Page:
Animal Diaries Archive
28 July 2006
Shock! This week I'm not going to talk about birds of prey, even though the demo has been all new and exciting. In Australia we have some really interesting birds that I guess are less noticed than others. These are the birds that get me up in the morning and make me want to come to work. I am proud as punch to share this interest with you. Recently at Australia Zoo we have introduced three Striped Honeyeaters into the Rainforest Aviary. Their names are Sebastian, Salvadore and Syd. They are not species that are boisterous like the common Noisy Miner; instead they are serene, bubbly and graceful. They are not colourful like parrots and they are not big like our raptors. They are small and plain-coloured but have a unique plumage pattern that makes them stand out to me.
They race around the aviary at morning feed-out as though they are playing hot potato. Buzzing from branch to feeder to ground to branch to feeder to the rail... it’s sometimes a tad hard to take in the exquisiteness of this simple species. The Striped Honeyeaters diet consists primarily of insects and fruit. However, they are a Meliphagidae (honeyeater family) which means they have a brush-tipped tongue that they use for nectar.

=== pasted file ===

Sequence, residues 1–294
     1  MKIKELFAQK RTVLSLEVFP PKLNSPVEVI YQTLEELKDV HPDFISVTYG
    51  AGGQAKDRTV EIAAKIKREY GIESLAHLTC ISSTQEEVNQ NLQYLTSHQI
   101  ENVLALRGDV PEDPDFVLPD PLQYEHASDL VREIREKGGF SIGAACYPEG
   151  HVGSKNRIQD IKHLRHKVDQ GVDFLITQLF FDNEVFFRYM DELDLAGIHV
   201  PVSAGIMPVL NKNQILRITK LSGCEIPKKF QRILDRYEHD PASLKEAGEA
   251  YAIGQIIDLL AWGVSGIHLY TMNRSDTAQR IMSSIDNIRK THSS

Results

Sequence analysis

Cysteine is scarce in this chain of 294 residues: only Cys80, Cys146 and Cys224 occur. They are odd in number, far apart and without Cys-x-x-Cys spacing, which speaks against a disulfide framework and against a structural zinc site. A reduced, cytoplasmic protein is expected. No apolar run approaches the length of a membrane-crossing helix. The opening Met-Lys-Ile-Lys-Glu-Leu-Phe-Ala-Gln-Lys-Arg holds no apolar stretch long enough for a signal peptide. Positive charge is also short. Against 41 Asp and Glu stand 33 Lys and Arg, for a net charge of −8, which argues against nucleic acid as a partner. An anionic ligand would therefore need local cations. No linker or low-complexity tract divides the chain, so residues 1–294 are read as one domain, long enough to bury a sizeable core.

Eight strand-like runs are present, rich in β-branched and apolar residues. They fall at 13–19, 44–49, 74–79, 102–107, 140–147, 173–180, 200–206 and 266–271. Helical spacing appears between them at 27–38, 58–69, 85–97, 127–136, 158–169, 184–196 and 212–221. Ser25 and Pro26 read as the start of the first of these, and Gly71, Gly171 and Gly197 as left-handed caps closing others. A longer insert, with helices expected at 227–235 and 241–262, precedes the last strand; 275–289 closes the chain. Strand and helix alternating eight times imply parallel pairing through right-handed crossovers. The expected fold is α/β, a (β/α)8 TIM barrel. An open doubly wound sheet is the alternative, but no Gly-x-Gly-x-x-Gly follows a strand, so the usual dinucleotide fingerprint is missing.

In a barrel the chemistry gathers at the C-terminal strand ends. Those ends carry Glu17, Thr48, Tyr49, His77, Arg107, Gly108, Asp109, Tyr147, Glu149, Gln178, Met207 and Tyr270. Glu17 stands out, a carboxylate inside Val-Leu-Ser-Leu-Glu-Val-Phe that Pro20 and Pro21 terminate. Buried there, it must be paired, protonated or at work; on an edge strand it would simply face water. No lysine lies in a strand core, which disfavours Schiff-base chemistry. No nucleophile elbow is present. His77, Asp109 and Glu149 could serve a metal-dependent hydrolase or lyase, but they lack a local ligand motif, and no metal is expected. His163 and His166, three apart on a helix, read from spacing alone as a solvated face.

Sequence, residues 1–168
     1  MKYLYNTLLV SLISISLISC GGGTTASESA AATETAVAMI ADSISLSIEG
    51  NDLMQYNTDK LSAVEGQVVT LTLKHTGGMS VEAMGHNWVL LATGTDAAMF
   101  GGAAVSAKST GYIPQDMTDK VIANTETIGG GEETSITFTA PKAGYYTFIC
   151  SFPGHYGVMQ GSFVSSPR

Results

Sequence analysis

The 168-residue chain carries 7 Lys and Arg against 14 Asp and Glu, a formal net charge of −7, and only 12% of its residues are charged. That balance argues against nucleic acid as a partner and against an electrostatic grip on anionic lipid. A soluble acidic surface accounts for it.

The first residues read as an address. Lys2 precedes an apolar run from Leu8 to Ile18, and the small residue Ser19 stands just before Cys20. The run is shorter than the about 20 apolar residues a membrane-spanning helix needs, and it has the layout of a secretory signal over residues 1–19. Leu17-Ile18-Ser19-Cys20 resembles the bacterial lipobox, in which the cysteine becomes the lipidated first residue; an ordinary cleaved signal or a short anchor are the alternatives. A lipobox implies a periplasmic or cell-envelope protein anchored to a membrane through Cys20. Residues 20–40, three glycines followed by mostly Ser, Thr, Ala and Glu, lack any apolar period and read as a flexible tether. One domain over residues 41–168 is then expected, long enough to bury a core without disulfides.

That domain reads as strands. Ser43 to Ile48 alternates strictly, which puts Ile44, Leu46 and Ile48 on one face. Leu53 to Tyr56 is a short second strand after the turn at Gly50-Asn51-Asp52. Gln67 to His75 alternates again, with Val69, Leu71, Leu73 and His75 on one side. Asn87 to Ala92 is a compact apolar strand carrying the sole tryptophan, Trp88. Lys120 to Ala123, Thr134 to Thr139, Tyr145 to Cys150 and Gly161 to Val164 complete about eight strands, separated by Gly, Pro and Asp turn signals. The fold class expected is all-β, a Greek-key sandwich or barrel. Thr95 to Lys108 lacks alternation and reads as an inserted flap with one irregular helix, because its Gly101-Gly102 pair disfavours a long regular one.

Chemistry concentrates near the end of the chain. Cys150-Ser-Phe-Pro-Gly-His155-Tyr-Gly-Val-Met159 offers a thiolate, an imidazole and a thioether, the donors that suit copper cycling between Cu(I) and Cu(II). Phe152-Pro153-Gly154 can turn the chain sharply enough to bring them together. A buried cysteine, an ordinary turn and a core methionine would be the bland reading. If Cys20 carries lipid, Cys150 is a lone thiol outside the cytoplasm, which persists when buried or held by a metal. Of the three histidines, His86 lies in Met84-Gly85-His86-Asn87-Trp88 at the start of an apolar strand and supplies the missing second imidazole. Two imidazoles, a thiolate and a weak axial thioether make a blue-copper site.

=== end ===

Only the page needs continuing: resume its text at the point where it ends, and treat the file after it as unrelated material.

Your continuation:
Outside the Zoo you can see glimpses of this lively kind in habitats like open dry forests, woodlands, mallee and mulga in south-east Queensland and most of New South Wales. So before I go, just remember that the plain and simple birds have lots more personality and appeal than the obvious variety.